Robert Brookings Smith II, or “Bob,” as he was known to friends and family, was born in 1934 in St. Louis, Missouri, to Katherine “Taffy” and Alan T. Smith. Bob was the youngest of three boys. Bob attended St. Louis Country Day in Ladue, Missouri, The Hotchkiss School in Lakeview, Connecticut, and finally Yale University. After graduating from Yale, he was drafted to serve in the Korean War.
After the war, he traded his Cessna for a DC-3, flying for Republic Airlines, before settling in for a long career as a 737 pilot for United Airlines. While with United, a young red-haired stewardess and model, Kathleen Lally, happened to bring him dinner during a flight. They would continue to dine together for the next 40 years.
Finding a harbor in Annapolis, Maryland, Bob would go on to amass of collection of unseaworthy boats, from Bracer, a Tartan sailboat, to Quoth, a Century Raven, and Bobby Sox, a Century Coronado. Most of these vessels can still be found on the bottom of the Chesapeake Bay. While on dry land, he found time to toil on his invention, the “Leverbike,” a unicycle contraption that nearly maimed several neighborhood test subjects, as well as a detective novel that is widely viewed in literary circles as the most unintentionally funny book ever written.
Following retirement, Bob decided to reef his sails against the cold wind and state income tax and took a southerly course to Amelia Island, Florida. While there, he took up golf with a vengeance, spending tens of dollars on off-brand clubs in a valiant effort to knock his purloined range balls past the ladies’ tee. He was a founding member of the Saturday Morning Old Golfers (the “SMOGS”), a rogue’s gallery perhaps most infamous for always double bogeying the 19th Hole. It was in Florida that he was joined by his beloved dogs Phoebe and Atticus, and later, Cammi, a spaniel who would remain his companion until the end.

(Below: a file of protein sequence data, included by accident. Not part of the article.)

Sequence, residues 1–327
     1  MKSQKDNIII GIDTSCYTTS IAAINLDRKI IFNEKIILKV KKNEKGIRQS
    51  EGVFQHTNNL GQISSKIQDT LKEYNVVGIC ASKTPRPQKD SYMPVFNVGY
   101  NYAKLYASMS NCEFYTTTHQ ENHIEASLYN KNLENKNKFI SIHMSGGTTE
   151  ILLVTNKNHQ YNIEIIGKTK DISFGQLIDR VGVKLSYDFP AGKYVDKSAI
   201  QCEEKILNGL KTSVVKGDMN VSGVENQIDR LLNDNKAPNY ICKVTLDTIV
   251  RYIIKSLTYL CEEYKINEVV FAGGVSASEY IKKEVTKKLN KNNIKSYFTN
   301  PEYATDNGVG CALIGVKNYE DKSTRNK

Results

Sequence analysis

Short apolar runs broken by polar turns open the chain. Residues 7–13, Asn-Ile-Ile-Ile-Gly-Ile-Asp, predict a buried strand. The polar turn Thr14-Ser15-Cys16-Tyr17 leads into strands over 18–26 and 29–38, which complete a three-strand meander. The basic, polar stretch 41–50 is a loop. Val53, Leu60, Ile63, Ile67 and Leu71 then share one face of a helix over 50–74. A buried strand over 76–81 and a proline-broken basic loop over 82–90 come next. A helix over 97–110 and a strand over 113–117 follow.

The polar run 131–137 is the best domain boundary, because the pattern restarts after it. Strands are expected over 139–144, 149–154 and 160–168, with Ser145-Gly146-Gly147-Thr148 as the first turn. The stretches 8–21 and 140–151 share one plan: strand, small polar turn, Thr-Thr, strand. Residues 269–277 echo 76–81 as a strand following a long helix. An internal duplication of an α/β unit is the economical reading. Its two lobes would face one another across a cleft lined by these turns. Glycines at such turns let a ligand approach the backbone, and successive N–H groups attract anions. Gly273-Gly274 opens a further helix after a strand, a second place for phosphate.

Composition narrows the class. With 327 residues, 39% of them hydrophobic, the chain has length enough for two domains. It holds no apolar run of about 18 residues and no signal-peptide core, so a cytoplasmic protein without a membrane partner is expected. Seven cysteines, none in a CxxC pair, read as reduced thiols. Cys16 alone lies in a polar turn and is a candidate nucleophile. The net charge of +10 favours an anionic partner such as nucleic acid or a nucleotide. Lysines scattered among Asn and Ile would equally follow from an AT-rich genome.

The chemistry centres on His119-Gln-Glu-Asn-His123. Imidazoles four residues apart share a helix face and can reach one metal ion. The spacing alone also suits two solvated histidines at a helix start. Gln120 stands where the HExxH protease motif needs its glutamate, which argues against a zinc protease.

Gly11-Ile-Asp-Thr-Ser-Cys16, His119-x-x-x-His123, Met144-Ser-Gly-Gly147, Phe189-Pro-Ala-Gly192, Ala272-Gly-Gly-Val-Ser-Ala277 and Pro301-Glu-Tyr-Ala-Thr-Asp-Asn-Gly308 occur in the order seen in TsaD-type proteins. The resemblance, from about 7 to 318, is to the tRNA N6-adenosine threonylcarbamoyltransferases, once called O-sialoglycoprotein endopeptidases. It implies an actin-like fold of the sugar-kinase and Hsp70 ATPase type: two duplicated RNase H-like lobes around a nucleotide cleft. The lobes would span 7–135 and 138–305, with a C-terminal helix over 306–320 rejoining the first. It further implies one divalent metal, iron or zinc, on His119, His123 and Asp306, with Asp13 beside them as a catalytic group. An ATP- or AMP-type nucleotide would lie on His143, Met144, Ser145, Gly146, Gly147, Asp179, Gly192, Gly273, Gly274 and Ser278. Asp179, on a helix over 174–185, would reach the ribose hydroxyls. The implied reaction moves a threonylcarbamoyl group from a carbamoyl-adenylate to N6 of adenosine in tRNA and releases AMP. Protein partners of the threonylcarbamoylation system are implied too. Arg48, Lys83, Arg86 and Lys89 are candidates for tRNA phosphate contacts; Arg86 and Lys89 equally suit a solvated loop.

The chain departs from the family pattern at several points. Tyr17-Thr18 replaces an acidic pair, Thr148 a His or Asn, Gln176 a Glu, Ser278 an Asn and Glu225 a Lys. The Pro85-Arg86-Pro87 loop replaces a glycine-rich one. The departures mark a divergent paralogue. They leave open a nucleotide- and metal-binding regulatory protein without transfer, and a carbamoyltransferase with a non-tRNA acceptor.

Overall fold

In 2010, Bob and Kathleen moved to Savannah, Georgia, to be closer to family and dropped anchor on Isle of Hope. Luckily for Bob, new friends were waiting around the corner at the Driftaway Café, where he earned the moniker “Two Soup Bob,” and was known for wearing a sweater as a cape and for his trademark 5 percent gratuities. And when he found his way to the Marshes, he wasted no time in befriending the entire staff—including his favorite friend and bartender Xavier.
The one waypoint Bob returned to throughout his life was Harbor Springs, Michigan. Spending nearly 85 summers on the shores of Lake Michigan, Bob never missed a party or a sailboat race. His stories and kind heart were always welcome on any porch, as well as his insightful commentary on the old cook’s courage in Gordon Lightfoot’s magnum opus, “The Wreck of the Edmund Fitzgerald,” which could be heard playing from the cottage from June to September.
While yachtsmen of old brought home souvenirs from exotic ports of call, the only thing Bob took from his travels were friends. From St. Louis to Annapolis, from Michigan to Amelia, and from his last berth in Savannah, Bob collected friendships that would last a lifetime. Never one to seek attention for his many generous charitable contributions, they will not be listed here. The only monument Bob would have wanted were his dear friends, steadfastly standing by him to the end.
Bob had four children: Robert III, Christopher, Jonathan, and Molly (Wilson). He also had eight grandchildren: R.B. Smith IV, Alexandra Smith, Finn Smith, Connall Smith, Chloe Smith, J.P. Moccia, Katie Moccia, and David Wilson.
Bob died on October 23, 2021, at the Marshes at Skidaway Island in Savannah, Georgia. He was buried in Harbor Springs, Michigan, next to wife Kathleen.
In 2022, the Georgia Historical Society received notification of a generous bequest left by Bob to the organization. This legacy gift was used to establish the Robert B. Smith II Fund, thereby providing for the mission and work of this historic institution in perpetuity.